Building A Custom Pantry

This little urban homestead finally has a little urban pantry! And I am so excited to share this project with you. You see, I had this odd-sized closest just steps from my kitchen, but it was just a big empty closet. I knew as soon as I looked at it that it would become my pantry, but it took awhile to make it happen. So let me share with you how, with help from my dad, I built a custom pantry.

Building a custom pantry was a fun learning experience and I love how it turned out! This is how I did it.

The closet in question is under the landing of the stairs, so it’s an odd size and shape. I already have a coat closet and a linen closet in my house, and a shed with a loft for storage outside, so this closet didn’t have much use as it was. It’s five feet tall, a little over five feet long, and three feet deep. And you know what? Wire shelves aren’t really sized to fit well in that. You don’t find them 63″ long, and they seem to usually either 16″ or 20″ deep. I wanted right in between that. The closet was a perfect shape to do some U shaped shelves.

I considered having them done professionally, but it ended up being cost prohibitive. I talked to my dad, and he said he could help me do it for about $30-40 per shelf, which was quite reasonable for three large, sturdy shelves.

So let me tell you something. Dads are pretty awesome. Mine taught me to use both a jigsaw and a skill saw for this project, and did all the leveling and finding studs and such for getting the shelves mounted. Plus he has a truck that he generously used to get the material, because my Buick could not fit a sheet of plywood.

Prepping the Space

Building a custom pantry was a fun learning experience and I love how it turned out! This is how I did it.The floor was ugly. The walls were beat up.

I pulled off the baseboards and painted the walls and ceiling white. The baseboards got sanded and painted the same color.

Then I bought some peel-and-stick vinyl to the tune of maybe $20, put it in to cover up the ugly old linoleum, and replaced the baseboards.

The result was plain white walls and a gray slate-looking floor. Much better.

Building the Custom Pantry Shelves

Building a custom pantry was a fun learning experience and I love how it turned out! This is how I did it.We got three sheets of plywood and double checked the pantry measurements. I settled on the long part in back being 18″ deep, and the sides being 16″ deep. We used the skill saw for most of the cutting out, and the jig saw for a couple of more precise cuts.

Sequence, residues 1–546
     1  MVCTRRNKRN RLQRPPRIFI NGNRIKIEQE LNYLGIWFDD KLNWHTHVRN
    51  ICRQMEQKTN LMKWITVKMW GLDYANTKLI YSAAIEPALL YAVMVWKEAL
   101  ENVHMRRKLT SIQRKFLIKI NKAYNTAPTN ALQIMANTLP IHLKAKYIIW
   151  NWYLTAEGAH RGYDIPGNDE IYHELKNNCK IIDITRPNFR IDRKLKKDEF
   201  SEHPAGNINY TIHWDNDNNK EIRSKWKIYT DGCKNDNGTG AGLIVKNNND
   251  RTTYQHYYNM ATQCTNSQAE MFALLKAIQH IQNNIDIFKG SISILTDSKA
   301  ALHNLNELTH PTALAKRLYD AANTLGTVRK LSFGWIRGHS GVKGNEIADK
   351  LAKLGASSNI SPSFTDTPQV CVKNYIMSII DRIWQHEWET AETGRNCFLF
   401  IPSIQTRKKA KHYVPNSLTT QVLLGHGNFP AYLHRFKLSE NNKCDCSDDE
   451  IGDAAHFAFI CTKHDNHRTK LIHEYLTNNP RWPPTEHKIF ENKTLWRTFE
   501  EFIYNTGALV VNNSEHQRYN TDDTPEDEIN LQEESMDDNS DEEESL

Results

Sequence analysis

From there my dad put some straight lengths of wood on the walls to support the plywood shelves. These were just 1″x4″ lengths cut to size which the wall-size edges of the shelves rest on. Dad was a pro at getting them level. We spaced the shelves so the bottom one is 18″ high, and each of the other two 15″ above the one below it. That left 12″ between the top shelf and the ceiling.

Installing the Shelves

With quite a bit of maneuvering, we got the custom pantry shelves into place. If I were to go back and do it again I wouldn’t put all of the shelf rests on the wall before putting the shelves in; I’d have someone hold the shelf above the rests while installing them, starting with the top shelf. But we got them in, so that’s what matters.

We’re in earthquake territory. In fact, we’re due for “the big one.” The Cascadian Subduction Zone, not far off the Washington and Oregon coast, has the potential for a bigger earthquake than the San Andreas Fault is capable of. We could have a tsunami to go with it, too, although my town is high enough that we won’t get hit by even the biggest possible tsunami a quake could cause here. But earthquakes–even smaller ones–being a reality here, I wanted a lip on the shelves to minimize or prevent broken jars in case of a shaker.

Building a custom pantry was a fun learning experience and I love how it turned out! This is how I did it.The lip is simply a length of craft wood cut to size and nailed along the edges of the plywood with finishing nails. We also used wood glue to make the lip extra sturdy.

Not in the Plans

Once we got the shelves in, we realized the front corner of the U wasn’t sturdy enough. I absolutely didn’t trust it to hold more than a couple of pounds. Since I want to be able to store plenty of home-canned food, that just wasn’t going to work.

So I picked up a couple of 1″x3″ lengths, cut them to 4′ long, and screwed them into the lip and shelf. My husband suggested doing that to the back corners too, so I used a couple of 1″x2″ lengths there. I felt awesome being able to cut those myself; learning a new, practical skill always feels good.

Finishing Up

pantry9I didn’t want plain wood shelves, so I used primer and then painted the wood the same color I used on the accent wall in my bedroom. Talk about a pain in the neck; I didn’t end up thoroughly painting the bottom of the bottom shelf. The maneuvering to get under the shelves was very uncomfortable.

I got some shelf mats and cut them to length on the shelves, and installed an LED light strip on the ceiling so I can click the light on and see everything in the pantry. The little hallway its in, right off the kitchen, has no light. I love the difference the light makes.

Finally Done

There were some delays partway through the building process, but it was so exciting when it was done. I was able to load up and the shelves and reorganize my kitchen cupboards. I absolutely love the finished project.

Building a custom pantry was a fun learning experience and I love how it turned out! This is how I did it.

What do you think? I hope I inspired you to go build something new in your home!

About Lee

Lee is the owner and author of Our Little Urban Homestead. She's a wife, mother, and Christian and enjoys reading, gardening, medieval reenactment, and many other hobbies and interests.

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